Freedom to Read Week - Galileo Dialogues
In our continuing series to mark Freedom to Read week, we examine one of the great scientific books in history - and the controversy it caused after publication.
From antiquity, the majority of educated people subscribed to the Aristotelian view that the earth was the center of the universe and that all heavenly bodies revolved around the Earth. Using Coperncius’ theories, however, the Italian physicist and mathematician Galileo confirmed the thesis that it is around the sun, not the earth, that the heavenly spheres revolve. In the book Dialgo sopra I due massimi sistemi del mondo (Dialogue Concerning the Two Chief World Systems), published in 1632, Galileo provided a series of diagrams to demonstrate his theory – including one in Book III which clearly depicts the sun being encircled by the then six known planets (see below). His research led to further speculation about the elliptical orbit of the planets and to the theory of the finite nature of the universe.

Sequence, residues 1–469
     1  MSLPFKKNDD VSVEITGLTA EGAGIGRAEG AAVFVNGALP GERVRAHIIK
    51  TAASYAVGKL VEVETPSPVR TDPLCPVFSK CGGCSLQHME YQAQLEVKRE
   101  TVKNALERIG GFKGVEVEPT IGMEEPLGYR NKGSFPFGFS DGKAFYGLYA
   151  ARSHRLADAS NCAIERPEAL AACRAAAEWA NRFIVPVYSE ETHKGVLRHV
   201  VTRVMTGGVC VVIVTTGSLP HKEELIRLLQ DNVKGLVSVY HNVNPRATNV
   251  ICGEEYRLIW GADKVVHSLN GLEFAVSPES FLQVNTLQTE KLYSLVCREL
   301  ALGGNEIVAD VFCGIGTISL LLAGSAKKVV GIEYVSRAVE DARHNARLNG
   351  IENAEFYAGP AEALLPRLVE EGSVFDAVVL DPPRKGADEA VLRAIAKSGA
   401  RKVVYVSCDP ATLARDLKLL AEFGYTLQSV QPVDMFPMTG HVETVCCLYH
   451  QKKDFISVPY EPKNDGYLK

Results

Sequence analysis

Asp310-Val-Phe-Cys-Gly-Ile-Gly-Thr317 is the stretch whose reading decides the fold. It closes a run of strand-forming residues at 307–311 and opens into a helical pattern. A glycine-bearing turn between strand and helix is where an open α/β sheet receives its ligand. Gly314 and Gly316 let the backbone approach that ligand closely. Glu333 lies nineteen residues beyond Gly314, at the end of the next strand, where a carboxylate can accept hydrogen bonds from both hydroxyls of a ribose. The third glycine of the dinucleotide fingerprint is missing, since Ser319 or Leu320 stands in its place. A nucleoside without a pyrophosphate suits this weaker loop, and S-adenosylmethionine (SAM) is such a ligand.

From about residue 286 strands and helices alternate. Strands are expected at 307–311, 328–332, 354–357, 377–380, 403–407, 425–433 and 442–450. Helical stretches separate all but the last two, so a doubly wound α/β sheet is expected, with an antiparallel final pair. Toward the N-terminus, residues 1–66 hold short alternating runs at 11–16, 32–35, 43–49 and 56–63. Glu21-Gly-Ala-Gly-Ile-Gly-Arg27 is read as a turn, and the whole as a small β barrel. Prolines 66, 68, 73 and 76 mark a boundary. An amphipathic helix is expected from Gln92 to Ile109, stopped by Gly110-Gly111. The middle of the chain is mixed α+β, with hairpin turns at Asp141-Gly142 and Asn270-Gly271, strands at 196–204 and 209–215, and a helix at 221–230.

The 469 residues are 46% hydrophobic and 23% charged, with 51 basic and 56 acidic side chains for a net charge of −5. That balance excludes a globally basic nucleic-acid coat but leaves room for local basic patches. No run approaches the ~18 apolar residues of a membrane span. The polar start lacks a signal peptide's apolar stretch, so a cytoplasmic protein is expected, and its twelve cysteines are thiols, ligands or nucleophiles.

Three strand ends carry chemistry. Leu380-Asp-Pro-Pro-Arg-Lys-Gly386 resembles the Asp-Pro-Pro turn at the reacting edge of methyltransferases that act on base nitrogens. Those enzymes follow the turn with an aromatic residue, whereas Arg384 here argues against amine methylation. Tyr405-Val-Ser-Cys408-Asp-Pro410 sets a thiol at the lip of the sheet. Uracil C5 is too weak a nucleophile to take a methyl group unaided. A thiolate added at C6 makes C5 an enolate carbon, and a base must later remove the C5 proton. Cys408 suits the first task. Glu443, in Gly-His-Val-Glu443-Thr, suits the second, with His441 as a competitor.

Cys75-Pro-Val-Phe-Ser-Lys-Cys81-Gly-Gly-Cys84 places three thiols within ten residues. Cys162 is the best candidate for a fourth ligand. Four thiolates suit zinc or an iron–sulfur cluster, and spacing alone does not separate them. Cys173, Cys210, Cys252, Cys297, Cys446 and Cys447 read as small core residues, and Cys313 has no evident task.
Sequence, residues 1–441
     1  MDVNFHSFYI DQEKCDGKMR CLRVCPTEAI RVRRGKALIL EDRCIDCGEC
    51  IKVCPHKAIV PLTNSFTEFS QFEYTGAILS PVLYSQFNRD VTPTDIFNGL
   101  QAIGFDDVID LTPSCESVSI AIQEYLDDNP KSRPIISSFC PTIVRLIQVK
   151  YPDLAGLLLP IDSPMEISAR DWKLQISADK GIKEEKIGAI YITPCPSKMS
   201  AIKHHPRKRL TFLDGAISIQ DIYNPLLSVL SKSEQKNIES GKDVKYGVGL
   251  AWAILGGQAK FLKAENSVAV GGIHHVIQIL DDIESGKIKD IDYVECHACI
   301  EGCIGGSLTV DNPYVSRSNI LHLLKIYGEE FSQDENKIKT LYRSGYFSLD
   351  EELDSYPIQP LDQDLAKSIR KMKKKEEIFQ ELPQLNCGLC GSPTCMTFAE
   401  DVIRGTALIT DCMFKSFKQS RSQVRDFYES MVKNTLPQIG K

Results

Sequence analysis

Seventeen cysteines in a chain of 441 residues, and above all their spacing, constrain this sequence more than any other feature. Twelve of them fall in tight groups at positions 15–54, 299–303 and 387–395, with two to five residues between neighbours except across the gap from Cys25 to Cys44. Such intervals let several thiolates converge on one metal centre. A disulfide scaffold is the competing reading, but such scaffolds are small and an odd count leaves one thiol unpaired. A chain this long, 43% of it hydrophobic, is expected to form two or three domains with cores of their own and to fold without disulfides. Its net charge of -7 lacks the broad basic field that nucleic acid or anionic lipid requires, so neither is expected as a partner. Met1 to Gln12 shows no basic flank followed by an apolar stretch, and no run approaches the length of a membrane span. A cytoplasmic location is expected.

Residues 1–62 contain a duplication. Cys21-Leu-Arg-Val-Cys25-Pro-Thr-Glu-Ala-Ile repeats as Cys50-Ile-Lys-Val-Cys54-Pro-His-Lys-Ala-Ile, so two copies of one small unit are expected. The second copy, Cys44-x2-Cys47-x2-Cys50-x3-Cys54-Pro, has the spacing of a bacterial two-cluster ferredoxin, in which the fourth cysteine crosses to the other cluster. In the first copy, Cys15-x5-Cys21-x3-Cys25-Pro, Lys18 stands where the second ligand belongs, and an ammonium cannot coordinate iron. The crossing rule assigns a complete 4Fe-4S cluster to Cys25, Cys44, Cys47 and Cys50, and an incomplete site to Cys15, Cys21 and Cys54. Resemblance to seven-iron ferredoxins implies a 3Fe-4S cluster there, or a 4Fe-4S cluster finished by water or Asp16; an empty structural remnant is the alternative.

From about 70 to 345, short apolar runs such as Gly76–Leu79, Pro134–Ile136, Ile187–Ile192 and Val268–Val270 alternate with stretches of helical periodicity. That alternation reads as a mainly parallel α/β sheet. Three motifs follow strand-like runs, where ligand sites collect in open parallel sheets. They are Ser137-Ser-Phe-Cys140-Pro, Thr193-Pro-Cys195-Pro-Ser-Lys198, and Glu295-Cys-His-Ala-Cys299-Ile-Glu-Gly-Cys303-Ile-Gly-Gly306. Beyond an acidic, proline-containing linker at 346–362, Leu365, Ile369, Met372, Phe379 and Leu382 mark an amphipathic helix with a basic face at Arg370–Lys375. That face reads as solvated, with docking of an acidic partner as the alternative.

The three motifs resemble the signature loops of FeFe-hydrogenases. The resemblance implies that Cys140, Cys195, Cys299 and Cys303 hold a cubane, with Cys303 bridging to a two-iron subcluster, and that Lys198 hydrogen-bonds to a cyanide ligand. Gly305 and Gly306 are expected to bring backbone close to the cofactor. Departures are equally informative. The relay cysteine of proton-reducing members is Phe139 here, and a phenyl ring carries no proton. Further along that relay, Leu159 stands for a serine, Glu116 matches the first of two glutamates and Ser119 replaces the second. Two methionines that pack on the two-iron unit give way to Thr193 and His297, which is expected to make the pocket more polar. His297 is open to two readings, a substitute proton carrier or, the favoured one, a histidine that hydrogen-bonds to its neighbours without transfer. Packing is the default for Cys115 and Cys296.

The year following its publication, Galileo was imprisoned in Rome on a charge of heresy and the Dialogo was formally condemned in 1634 and placed under house arrest for the rest of his life until his death in 1642. His name remained on the Index of Forbidden Books until 1835, though he was not officially rehabilitated by the Church until 1992.